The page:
And when it’s known that a baby will be born with Trisomy 18, sometimes treatment is different – because the babies aren’t expected to live.
“It’s kind of a good thing that they didn’t catch it when I was pregnant,” Kimberly said. “We would have gotten different treatment.”
“I would have missed out on her, and that’s what would have been terrible. I hate for parents to think they didn’t have an option,” Kimberly said.
Since Georgia’s diagnoses, Kimberly has connected with other Trisomy 18 parents on Facebook and other online communities.
Even moms whose babies were stillborn say it was worth it to carry the pregnancy to term, she said.
“There is so much miseducation out there on the decision of what to do with Trisomy 18 kids,” Kimberly said. “No one gives them a chance. My kid is doing great.”
She’s talked to one mom whose son is learning to crawl. “There are kids who walk and talk. Doctors said they have two weeks to live,” she said. “You have no idea what they are capable of unless you give them a chance.”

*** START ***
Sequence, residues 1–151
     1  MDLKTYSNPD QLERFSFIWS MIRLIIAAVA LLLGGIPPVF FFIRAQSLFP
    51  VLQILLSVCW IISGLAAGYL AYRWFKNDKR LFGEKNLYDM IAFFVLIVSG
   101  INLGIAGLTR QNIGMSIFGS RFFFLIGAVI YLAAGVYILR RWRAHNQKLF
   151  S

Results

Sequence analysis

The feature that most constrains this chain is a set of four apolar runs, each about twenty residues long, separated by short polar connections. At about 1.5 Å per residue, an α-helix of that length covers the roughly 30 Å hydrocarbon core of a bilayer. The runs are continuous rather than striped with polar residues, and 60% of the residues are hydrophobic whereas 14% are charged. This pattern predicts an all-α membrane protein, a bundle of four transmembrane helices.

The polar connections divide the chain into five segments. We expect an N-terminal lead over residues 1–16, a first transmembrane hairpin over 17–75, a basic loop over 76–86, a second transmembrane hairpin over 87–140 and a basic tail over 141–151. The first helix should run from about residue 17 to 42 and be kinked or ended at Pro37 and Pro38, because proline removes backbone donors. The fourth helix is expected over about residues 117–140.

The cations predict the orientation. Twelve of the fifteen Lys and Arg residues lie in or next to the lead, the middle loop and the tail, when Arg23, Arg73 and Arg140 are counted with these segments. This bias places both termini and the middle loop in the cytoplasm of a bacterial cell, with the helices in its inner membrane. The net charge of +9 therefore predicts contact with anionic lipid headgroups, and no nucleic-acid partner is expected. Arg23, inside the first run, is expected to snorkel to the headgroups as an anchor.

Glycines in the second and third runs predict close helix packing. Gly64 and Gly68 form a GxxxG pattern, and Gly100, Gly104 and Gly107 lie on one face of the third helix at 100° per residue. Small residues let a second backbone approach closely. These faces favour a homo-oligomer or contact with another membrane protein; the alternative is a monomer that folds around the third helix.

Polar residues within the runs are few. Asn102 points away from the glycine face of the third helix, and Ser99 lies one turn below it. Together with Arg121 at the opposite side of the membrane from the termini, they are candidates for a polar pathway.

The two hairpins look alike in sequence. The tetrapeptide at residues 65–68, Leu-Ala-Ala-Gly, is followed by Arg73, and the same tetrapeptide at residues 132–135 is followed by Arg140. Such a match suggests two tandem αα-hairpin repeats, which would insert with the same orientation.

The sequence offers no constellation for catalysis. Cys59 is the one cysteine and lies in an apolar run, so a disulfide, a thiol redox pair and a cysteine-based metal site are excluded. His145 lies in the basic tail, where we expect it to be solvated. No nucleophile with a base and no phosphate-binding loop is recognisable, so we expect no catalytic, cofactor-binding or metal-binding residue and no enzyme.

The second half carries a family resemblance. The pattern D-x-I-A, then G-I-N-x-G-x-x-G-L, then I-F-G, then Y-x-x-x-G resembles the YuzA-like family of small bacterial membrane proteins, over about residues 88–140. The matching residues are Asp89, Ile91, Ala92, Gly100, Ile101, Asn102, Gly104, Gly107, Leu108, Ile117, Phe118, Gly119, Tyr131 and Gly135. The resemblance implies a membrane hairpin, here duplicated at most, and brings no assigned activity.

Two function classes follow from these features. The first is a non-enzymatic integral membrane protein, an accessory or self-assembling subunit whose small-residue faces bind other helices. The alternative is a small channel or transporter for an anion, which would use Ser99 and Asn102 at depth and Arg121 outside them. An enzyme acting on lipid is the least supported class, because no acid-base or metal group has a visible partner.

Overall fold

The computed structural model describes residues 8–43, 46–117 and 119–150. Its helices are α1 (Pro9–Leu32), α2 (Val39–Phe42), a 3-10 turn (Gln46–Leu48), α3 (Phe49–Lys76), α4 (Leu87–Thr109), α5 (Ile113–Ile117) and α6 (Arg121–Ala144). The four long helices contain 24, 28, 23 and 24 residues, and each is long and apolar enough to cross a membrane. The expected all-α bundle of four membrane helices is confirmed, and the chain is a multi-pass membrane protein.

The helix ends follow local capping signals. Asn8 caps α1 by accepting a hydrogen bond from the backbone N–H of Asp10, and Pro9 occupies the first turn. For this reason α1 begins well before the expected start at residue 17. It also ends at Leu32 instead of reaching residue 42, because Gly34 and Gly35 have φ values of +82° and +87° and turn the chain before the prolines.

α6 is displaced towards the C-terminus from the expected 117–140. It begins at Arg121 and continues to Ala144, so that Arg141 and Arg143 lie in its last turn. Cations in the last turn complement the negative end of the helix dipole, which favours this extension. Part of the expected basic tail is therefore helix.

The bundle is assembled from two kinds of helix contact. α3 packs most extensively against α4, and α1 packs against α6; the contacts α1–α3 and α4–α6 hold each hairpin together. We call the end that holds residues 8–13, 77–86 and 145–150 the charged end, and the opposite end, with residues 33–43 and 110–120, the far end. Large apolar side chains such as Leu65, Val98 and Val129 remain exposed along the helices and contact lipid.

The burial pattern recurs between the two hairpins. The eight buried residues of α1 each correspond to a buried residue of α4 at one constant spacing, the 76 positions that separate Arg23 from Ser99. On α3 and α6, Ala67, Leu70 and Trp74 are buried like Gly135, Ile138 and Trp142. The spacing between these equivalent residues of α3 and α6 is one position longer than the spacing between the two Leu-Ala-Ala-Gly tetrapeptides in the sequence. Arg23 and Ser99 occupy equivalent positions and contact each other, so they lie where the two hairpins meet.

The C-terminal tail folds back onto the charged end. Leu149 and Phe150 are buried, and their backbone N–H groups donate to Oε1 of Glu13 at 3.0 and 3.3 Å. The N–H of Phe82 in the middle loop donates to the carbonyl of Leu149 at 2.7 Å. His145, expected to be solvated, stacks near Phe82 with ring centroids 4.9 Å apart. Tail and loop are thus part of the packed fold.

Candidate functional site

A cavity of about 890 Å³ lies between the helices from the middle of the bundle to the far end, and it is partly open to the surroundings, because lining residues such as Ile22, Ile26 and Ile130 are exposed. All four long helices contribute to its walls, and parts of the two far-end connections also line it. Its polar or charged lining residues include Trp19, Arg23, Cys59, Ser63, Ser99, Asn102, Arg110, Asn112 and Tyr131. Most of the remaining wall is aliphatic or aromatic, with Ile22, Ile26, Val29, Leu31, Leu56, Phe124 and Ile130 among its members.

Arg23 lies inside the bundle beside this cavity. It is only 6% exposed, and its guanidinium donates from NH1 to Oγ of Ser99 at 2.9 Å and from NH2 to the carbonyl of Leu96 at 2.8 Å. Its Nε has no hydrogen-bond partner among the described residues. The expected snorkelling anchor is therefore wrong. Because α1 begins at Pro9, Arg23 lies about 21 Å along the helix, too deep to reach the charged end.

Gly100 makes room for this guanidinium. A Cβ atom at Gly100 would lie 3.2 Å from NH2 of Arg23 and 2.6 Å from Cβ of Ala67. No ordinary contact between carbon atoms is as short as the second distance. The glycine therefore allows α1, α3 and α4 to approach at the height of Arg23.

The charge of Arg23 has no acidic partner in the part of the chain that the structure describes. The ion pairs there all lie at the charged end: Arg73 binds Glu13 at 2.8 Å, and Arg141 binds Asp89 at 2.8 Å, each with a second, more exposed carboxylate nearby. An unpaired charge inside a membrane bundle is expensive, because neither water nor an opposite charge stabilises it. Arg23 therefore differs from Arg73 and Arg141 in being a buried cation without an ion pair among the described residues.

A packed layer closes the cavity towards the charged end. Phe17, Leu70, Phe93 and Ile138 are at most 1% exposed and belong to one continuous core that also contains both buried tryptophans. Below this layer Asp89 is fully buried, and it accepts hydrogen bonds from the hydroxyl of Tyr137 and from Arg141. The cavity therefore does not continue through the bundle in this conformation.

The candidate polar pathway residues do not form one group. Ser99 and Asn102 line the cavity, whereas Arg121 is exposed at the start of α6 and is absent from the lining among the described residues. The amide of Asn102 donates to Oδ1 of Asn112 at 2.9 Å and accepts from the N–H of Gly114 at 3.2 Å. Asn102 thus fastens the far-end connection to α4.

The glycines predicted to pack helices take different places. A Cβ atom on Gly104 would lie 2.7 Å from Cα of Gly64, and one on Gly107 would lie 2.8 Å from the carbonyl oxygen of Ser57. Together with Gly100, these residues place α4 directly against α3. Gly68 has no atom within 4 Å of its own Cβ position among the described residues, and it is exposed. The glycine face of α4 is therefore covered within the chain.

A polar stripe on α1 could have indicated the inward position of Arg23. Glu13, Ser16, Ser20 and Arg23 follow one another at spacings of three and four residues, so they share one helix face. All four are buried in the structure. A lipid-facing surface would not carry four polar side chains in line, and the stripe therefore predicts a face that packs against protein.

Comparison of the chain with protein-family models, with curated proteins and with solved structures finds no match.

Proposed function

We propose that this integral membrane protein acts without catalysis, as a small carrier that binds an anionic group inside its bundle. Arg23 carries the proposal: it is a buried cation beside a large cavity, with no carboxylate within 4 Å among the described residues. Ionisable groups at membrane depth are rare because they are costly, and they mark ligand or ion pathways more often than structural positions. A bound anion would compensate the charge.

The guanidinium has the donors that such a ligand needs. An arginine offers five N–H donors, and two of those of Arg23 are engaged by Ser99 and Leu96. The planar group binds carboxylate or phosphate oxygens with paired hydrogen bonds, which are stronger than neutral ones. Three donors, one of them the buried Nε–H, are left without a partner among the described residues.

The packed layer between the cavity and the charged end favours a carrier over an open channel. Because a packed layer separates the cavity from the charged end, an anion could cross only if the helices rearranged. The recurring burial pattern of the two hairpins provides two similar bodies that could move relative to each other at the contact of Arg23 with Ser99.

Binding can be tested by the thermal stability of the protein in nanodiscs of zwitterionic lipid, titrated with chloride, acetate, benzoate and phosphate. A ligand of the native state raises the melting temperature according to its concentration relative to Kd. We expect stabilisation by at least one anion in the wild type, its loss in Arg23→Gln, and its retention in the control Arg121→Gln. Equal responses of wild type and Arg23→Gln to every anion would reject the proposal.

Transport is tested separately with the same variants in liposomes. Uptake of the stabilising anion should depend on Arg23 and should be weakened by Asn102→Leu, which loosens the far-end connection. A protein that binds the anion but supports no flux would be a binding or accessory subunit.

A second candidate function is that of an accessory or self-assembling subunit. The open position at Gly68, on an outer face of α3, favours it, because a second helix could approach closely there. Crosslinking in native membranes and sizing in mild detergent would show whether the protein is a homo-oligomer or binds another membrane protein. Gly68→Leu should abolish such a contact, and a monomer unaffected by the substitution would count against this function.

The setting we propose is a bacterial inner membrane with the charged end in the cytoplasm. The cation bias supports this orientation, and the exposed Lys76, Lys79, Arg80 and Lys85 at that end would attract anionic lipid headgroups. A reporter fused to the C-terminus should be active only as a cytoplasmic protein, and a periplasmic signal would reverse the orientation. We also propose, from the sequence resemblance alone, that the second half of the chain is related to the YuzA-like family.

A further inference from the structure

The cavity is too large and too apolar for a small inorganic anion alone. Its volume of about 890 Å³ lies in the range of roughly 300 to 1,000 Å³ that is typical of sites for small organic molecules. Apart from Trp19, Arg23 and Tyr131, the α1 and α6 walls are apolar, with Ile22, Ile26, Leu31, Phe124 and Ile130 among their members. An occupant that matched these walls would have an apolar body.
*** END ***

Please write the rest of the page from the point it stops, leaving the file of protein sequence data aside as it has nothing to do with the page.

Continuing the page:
Kimberly said that Georgia looks much like her grandfather. She has a lot in common with him. Minor’s father has a rare cancer. When he was diagnosed, he was told he had six months to live. That was 11 years ago.
“My dad is a fighter, and I guess she’s just like him,” Kimberly said.
Georgia celebrated her 2-month birthday on Wednesday. She’s growing, and she’s getting strong. She loves baths and going outside. She loves to hold her head up and look around. And she loves the family’s dogs.
“Her legs are so strong,” said Patrick. “In the bathtub, she’ll push herself. She’s strong for two months.”
He told a story of toting her around one night. She was pretending to be asleep when he was looking at her, but when he looked away she would open her eyes. Then she’d shut her eyes and pretend to be asleep again when he looked back.
“She smiles. She likes to play,” he said. “She is an angel.”
“There are parts of it that are crazy, but she doesn’t know that. She’s thinks it’s normal,” Kimberly said. “She’s a miracle. A little miracle baby.”
“She is a bundle of joy,” her dad said. “Just because she’s different doesn’t mean that it is over.”
You can follow Georgia’s journey on her Facebook page at https://www.facebook.com/georgiaonmymindt18/